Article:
A new report paints the inside of Amazon warehouses as seething hotbeds of workplace misery.
The report in The Daily Beast said that in the five years between October 2013 and October 2018, first responders were called to Amazon warehouses for 189 episodes in which employees were at the end of their ropes — whether that meant an attempt at suicide, suicidal thoughts, or some unspecified mental health issue.
The website said it reviewed public records such as 911 call logs and ambulance or police reports from 46 warehouses in 17 states.
In 2016, the Bureau of Labor Statistics put the annual number of workplace suicides at 282, based on the most current data it had.
Workplace conditions at Amazon are such that workers in the New York City area spoke earlier this year about forming a union.
“We are not robots. We are human beings. We cannot come into work after only four hours of sleep and be expected to be fully energized and ready to work. That’s impossible,” said picker Rashad Long. He added that employees are overworked and subject to too much pressure.
“I feel like all the company cares about is getting their products out to the customers as quickly humanly as possible, no matter what that means for us workers in the end,” he said, according to The Guardian.
The Daily Beast’s report sought to contrast the reality of the work that takes place at warehouses to the vast wealth of Amazon CEO Jeff Bezos.
In response to the anecdotal episodes related by The Daily Beast, Amazon said the number of calls was an “overgeneralization” that “doesn’t take into account the total of our associate population, hours worked, or our growing network.”
“The physical and mental well-being of our associates is our top priority, and we are proud of both our efforts and overall success in this area,” Amazon said in a statement. “We provide comprehensive medical care starting on day one so employees have access to the care when they need it most, 24-hour a day free and confidential counseling services, and various leave and medical accommodation options covering both mental and physical health concerns.”
The Daily Beast presented a number of anecdotes of employees battling stress.
In one, it quoted a police report as saying about a young worker, “With all the demands his employer has placed on him and things he’s dealing with in life (sic) is becoming too much and considering hurting himself.”
The worker was “with Amazon for over a year and is frustrated with his employment because he felt he was lied to by Amazon at his orientation. He keeps saying the company told him they valued his employment and would be treated as if he mattered and not just a number,” The Daily Beast quoted the report as saying.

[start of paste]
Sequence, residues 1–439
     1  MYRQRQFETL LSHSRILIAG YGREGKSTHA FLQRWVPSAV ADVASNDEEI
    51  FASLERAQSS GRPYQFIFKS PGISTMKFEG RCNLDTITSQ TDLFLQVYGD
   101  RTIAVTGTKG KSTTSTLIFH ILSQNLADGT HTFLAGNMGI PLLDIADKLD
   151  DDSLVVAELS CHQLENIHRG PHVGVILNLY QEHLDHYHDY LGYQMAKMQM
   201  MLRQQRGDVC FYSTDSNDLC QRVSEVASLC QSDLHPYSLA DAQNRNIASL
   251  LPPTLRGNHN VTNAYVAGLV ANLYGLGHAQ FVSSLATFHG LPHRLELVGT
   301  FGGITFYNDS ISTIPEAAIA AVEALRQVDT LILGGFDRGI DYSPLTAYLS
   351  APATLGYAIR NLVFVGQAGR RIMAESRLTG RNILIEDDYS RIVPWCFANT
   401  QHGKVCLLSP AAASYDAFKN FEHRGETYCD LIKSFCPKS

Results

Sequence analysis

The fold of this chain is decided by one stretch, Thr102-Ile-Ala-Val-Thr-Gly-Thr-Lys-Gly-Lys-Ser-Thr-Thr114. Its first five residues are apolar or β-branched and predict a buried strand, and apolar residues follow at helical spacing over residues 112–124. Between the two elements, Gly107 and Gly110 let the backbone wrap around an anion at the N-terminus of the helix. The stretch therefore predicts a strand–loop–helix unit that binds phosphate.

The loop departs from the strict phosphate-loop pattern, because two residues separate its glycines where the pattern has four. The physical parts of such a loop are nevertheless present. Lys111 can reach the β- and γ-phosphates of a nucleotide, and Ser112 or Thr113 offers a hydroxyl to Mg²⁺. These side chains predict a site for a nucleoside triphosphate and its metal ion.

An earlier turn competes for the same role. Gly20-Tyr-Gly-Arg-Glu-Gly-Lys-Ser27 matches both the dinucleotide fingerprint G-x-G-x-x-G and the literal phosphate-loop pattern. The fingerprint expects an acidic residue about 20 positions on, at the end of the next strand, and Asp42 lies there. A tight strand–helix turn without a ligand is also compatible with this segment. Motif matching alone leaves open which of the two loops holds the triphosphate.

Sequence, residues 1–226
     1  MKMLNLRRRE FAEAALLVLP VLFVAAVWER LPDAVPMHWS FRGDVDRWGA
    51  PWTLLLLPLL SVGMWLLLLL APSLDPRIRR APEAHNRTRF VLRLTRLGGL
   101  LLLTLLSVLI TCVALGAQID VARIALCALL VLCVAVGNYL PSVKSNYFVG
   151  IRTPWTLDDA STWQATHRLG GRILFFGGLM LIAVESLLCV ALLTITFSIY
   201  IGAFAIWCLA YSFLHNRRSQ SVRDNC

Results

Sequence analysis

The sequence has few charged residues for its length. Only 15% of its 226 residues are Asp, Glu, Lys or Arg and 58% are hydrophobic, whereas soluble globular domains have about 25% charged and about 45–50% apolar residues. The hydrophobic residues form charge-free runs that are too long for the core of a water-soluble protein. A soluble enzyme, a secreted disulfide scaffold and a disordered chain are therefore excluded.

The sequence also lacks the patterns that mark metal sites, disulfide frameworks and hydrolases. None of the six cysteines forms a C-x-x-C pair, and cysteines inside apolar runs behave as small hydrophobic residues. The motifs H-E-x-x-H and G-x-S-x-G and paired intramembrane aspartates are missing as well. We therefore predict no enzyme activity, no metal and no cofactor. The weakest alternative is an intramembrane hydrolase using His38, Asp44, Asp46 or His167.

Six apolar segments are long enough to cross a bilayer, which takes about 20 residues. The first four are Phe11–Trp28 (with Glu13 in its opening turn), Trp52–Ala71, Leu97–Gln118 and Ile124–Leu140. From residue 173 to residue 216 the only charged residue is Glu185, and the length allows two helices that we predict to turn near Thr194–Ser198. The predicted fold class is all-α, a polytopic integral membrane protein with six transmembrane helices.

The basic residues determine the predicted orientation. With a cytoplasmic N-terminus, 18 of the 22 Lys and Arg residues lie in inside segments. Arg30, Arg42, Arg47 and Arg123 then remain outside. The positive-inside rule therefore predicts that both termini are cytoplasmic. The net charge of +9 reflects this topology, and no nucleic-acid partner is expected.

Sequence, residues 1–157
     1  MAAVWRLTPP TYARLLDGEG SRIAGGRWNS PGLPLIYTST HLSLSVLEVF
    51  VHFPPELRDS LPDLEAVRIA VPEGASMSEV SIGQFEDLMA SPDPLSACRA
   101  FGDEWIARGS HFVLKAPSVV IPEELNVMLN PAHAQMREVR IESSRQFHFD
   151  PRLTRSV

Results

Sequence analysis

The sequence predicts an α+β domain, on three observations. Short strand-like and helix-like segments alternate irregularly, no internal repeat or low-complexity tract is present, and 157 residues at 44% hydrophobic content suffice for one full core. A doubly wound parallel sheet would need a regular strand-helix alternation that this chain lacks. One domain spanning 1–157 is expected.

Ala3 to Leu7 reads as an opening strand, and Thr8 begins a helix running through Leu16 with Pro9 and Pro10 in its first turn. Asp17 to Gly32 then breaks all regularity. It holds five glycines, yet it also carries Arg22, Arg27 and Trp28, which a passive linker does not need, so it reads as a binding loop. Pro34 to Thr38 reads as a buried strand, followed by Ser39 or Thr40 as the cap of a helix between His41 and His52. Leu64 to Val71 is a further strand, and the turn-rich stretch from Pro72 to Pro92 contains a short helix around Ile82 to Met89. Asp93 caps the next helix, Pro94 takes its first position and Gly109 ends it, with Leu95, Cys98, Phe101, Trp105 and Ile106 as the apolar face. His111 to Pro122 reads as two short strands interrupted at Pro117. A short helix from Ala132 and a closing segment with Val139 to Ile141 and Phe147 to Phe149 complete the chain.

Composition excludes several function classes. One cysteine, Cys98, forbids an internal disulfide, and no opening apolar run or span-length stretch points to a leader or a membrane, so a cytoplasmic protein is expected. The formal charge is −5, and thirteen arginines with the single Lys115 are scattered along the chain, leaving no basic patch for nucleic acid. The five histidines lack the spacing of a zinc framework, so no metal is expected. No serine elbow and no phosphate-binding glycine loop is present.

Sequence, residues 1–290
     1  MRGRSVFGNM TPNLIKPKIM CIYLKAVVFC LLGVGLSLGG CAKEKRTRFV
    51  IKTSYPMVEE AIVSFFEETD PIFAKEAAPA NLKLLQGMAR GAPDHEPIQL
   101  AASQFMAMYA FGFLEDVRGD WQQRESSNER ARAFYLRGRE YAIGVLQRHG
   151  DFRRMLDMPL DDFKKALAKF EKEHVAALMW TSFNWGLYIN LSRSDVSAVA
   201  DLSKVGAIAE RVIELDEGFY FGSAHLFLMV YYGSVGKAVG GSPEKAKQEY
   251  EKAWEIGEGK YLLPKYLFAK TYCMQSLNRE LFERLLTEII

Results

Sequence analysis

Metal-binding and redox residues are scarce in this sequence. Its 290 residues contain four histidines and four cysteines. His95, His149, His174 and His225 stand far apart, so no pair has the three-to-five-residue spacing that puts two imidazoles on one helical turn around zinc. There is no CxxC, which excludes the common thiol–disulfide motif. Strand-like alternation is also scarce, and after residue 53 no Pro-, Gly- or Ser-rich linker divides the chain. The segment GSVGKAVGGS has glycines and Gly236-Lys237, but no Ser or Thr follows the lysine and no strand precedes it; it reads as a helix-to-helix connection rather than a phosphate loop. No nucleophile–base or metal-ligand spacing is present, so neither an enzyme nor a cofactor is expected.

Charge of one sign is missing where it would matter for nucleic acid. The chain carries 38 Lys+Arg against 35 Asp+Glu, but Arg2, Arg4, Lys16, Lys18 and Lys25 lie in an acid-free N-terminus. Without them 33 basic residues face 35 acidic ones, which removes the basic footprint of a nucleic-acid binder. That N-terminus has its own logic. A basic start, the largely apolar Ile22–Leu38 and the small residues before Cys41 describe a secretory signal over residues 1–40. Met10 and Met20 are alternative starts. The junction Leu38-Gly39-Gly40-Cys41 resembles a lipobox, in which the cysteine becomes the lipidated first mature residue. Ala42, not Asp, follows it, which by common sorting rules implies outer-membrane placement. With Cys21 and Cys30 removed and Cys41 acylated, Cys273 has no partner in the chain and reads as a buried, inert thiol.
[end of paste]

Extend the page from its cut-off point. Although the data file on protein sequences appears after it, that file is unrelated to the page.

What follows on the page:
“It’s this isolating colony of hell where people having breakdowns is a regular occurrence,” said Jace Crouch, who formerly worked for Amazon at Lakeland, Florida, facility. “It made it really hard for me to deal with that dehumanization at work. I would come home, not talk to anyone, sit in bed, and cry.”
He called the job “mentally taxing to do the same task super fast for 10-hour shifts, four or five days a week.”
The report quoted Nick Veasley, 41, who it said worked in Etna, Ohio, as saying the job was constant pressure.
“The quota, the boringness, everything,” he said. He equated managers with enforcers.
“Do that, do this, do this,” he said. “Crack the whip, crack the whip, crack the whip.”
Veasley developed health issues, and he and Amazon have a difference of opinion about whether he was treated fairly in that regard.
“Usually I can get myself out of a problem but I couldn’t do it working at Amazon,” Veasley said. “I felt like I had a thousand pounds wrapped around my ankle and it kept dragging me down and down and down, and there was no way out.”
Eventually, he told an Amazon guard he wanted to drive his car off a cliff, which resulted in a three-day confinement in a psychiatric ward.
“That place screwed me up so much it put me into a depression where I was actually on a 72-hour hold in a psych ward,” he said.
Amazon said it did what it could to help Veasley.
“As we would with any associate in need, we supported and attempted to help Nick get the treatment and support he needed and requested. We accommodated his requests, directly engaged with him to understand his needs, provided resources, including outside and emergent crisis intervention help to him. Even though in the end it did not work out for Nick at Amazon, we hope he has found success in his pursuits,” the company said in a statement.
As reported by The Western Journal, Amazon at one time sought a patent for a device that would put workers in wheeled cages to maximize efficiency.
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